But while ever the Bank of China and the Bank of Japan fall over themselves to buy dollars, US policy-makers will give the rest of the world second best policy settings, and second best outcomes.

What we have to keep our eye out for is a sharp or catastrophic fall in the US dollar.  Such an event would turnAlan Greenspan’s policy of gradual interest rate increases on its head.  And interest rates would go up sharply world-wide.  And a precipitate fall in the dollar remains a possibility while ever the current depreciation seems unable to adequately adjust the trade account.

The fact is, the United States is relying on the rest of the world to maintain its living standards; Muslim oil and Chinese capital.  In the 1980s and 90s, it was Japanese capital.

Foreign holdings of US Treasury bonds is now over 50% for the first time ever.  In the 1990s it averaged 20%.

And all this is compounded by the fact that the US savings rate now stands at zero.

The savings of the savers – is offset by the disaving of the disavers.

And at a time when demographic changes are forcing more Americans into retirement relying for income support on the public pension.

Vice President Cheney recently announced a proposal for the US Government to borrow $740 billion on the Budget for payment into private savings accounts.  The reason for this is that if nothing is done to deal with the US Budget imbalance, public pension benefits will be unaffordable.

Fortunately for Australia, this problem was thought about 21 years ago.  The change came in 1984 when the then Labor Government, newly in office, changed the tax treatment of lump sum retirement payments and set up approved deposit funds to encourage the growth of annuity income for retirement.  It was the first move towards a more rational retirement income system.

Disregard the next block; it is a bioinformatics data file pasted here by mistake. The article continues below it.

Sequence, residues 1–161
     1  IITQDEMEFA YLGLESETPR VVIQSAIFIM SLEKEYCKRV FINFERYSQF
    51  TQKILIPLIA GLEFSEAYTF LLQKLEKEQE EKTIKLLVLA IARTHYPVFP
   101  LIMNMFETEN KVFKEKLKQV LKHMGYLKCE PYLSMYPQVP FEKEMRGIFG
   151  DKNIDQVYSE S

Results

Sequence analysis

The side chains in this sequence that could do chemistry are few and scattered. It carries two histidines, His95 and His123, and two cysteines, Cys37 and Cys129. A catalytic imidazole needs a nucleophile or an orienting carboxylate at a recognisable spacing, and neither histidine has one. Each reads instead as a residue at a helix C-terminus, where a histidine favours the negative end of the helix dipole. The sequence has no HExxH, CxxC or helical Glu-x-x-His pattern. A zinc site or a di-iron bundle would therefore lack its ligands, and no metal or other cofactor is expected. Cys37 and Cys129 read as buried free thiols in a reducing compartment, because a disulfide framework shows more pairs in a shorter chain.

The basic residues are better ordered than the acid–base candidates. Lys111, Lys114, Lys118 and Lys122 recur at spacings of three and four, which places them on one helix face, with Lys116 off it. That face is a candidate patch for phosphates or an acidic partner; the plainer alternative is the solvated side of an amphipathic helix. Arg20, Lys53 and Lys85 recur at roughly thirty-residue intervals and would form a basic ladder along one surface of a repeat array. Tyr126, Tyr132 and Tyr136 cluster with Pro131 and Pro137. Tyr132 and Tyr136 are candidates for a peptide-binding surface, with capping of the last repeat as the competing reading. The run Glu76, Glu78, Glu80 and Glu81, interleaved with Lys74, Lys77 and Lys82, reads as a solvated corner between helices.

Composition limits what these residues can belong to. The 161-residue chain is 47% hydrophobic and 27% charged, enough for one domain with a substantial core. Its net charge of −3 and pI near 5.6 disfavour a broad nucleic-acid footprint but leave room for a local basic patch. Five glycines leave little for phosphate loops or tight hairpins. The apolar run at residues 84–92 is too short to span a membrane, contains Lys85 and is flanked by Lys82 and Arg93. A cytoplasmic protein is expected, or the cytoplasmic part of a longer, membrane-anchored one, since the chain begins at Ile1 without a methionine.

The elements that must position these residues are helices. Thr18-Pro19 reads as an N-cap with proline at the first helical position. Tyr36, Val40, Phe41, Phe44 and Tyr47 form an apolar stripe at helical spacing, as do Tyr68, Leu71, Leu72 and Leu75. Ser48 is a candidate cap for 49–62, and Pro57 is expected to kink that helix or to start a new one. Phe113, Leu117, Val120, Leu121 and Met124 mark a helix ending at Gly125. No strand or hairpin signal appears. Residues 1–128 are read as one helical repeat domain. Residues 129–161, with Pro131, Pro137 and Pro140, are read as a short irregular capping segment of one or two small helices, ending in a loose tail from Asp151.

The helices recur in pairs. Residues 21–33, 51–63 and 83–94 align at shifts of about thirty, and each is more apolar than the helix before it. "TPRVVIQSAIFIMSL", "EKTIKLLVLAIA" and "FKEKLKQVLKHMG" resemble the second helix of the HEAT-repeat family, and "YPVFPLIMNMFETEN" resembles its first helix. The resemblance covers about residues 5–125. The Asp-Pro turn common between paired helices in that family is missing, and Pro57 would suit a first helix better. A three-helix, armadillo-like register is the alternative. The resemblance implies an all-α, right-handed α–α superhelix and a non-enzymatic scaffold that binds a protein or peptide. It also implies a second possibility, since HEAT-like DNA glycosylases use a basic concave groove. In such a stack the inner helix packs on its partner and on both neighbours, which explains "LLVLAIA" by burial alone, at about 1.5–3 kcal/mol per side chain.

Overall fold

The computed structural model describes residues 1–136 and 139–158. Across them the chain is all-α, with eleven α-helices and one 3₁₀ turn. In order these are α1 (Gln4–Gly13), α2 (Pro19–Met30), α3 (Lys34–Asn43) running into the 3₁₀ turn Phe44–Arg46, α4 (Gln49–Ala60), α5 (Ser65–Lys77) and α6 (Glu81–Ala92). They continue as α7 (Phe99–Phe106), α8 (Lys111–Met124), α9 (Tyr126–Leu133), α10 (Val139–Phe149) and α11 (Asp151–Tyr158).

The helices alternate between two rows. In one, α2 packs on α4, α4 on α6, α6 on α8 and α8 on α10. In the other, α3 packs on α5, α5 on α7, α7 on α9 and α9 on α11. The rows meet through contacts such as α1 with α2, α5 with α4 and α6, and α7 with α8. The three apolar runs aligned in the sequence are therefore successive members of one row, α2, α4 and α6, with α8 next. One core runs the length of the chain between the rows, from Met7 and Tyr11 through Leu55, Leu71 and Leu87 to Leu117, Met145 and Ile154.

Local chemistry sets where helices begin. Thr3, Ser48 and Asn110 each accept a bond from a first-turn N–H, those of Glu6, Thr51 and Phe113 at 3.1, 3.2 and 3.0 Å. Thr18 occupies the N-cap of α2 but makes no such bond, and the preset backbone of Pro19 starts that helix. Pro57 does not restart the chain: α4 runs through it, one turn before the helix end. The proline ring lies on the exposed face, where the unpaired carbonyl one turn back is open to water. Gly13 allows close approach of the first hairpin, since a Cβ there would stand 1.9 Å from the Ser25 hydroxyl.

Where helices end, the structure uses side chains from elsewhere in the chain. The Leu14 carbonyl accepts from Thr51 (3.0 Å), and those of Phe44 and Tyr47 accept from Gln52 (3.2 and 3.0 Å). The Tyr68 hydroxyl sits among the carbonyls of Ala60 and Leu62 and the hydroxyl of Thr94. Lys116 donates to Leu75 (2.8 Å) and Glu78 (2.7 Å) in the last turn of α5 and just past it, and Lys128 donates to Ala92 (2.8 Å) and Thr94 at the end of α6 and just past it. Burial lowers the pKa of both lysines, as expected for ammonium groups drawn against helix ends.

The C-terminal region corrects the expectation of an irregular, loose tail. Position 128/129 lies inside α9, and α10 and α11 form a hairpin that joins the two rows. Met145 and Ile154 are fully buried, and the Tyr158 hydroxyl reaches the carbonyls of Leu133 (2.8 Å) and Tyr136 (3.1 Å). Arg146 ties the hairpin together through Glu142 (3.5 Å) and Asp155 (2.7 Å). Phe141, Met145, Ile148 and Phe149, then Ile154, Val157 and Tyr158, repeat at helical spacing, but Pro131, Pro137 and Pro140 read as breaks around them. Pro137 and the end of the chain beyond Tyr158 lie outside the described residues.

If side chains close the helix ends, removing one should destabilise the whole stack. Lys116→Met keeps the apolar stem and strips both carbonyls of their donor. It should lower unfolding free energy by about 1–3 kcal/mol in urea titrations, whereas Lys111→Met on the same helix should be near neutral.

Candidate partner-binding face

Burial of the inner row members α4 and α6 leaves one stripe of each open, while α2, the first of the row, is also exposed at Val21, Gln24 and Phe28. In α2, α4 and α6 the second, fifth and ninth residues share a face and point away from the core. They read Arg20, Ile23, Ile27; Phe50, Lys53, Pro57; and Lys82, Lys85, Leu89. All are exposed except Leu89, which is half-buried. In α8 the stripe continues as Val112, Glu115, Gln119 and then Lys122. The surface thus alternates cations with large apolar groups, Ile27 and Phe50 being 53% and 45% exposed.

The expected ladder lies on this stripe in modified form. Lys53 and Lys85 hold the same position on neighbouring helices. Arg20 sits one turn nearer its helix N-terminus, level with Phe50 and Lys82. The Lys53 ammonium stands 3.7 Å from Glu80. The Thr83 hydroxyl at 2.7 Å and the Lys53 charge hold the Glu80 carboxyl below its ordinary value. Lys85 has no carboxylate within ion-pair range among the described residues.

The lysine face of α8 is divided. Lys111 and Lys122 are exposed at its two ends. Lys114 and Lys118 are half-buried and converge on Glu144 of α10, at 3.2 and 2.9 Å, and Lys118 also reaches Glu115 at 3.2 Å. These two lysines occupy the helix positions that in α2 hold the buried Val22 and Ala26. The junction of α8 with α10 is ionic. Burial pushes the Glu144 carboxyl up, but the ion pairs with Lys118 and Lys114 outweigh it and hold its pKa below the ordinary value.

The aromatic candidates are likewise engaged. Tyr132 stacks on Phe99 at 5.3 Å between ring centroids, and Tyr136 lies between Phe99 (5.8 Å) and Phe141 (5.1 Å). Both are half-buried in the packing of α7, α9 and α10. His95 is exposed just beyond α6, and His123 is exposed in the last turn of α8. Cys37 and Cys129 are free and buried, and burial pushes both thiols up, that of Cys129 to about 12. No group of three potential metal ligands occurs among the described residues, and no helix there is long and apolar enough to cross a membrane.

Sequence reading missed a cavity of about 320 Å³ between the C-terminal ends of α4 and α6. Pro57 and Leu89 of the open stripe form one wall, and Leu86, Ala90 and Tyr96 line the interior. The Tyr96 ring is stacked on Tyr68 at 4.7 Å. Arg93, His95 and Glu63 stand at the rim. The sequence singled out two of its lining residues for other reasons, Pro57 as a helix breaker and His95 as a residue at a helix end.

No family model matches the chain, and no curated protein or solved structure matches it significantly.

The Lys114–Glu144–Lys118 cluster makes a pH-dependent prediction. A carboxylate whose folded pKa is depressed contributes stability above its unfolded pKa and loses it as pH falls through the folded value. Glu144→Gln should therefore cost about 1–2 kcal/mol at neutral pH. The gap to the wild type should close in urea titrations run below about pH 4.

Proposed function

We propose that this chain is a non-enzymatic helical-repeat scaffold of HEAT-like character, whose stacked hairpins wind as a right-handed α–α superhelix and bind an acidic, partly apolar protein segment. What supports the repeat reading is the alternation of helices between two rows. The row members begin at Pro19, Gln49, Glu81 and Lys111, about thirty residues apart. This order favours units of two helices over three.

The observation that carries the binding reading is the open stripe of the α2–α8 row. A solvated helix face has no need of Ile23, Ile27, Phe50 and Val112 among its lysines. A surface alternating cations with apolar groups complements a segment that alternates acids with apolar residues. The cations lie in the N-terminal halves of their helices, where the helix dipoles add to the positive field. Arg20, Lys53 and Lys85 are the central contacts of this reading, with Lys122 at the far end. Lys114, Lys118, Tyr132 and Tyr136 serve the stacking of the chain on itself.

The next change came in September 1985, which was to extend superannuation to workers in Australia via industrial awards.  The aim was for workers to take an initial 3% of their income as savings rather than as cash and for the contribution to be made by employers as part of a set of productivity related offsets.

It took just on six years for that 3% to go into place and then as Prime Minister, in 1992, I introduced the Superannuation Guarantee Charge legislating a mandatory 9% of wages to be put away as savings into individual savings accounts to be privately managed.  When we began the changes in 1984, there was $42 billion in superannuation fund assets.  Today the pool stands at about $700 billion.

The reforms put Australia at the front of OECD countries in planning and provisioning for the retirement bulge from the 1940s baby boom.  As it turns out, Australia is now better set up, in these respects, than comparable countries.

But not as well set up as it should be.

The problem is that the 9% is not enough to sustain workers in retirement without resort to the public pension.

The Government I led planned in 1995 to move superannuation contributions for all workers from 9% to 15% by paying tax cuts off the budget as savings – preserved to age 60 - and by a co-payment from workers themselves.

The current Government rescinded that policy, with the result that retirement income mandatory provisioning is today stalled at 9%.

It is true that many people elect to salary sacrifice and devote more discretionary income to superannuation.  Some will even be contributing at 15%, but not the majority.

Had Australia not had an incomes policy in the 1980s and 90s, the current scheme may not have gone into place.  But the Government did have an accord with the trade unions at the time, and the scheme did go into place.

The trick now is to build on the current scheme and improve it, especially when we are relying heavily on overseas savings to fund our current lifestyle and living standards.

At the moment the Australian current account deficit is financed overwhelmingly by borrowings by our four major banks.  In the past it was financed by direct capital investment and portfolio investment.  These days the four banks hold these Australian dollar liabilities, in the main, in maturities of less than 12 months.  A higher level of domestic savings will diminish our overall call on overseas saving and lessen the vulnerability to the way it is financed.

Superannuation in Australia is also doing another thing.  It is turbo-charging the Australian capital market.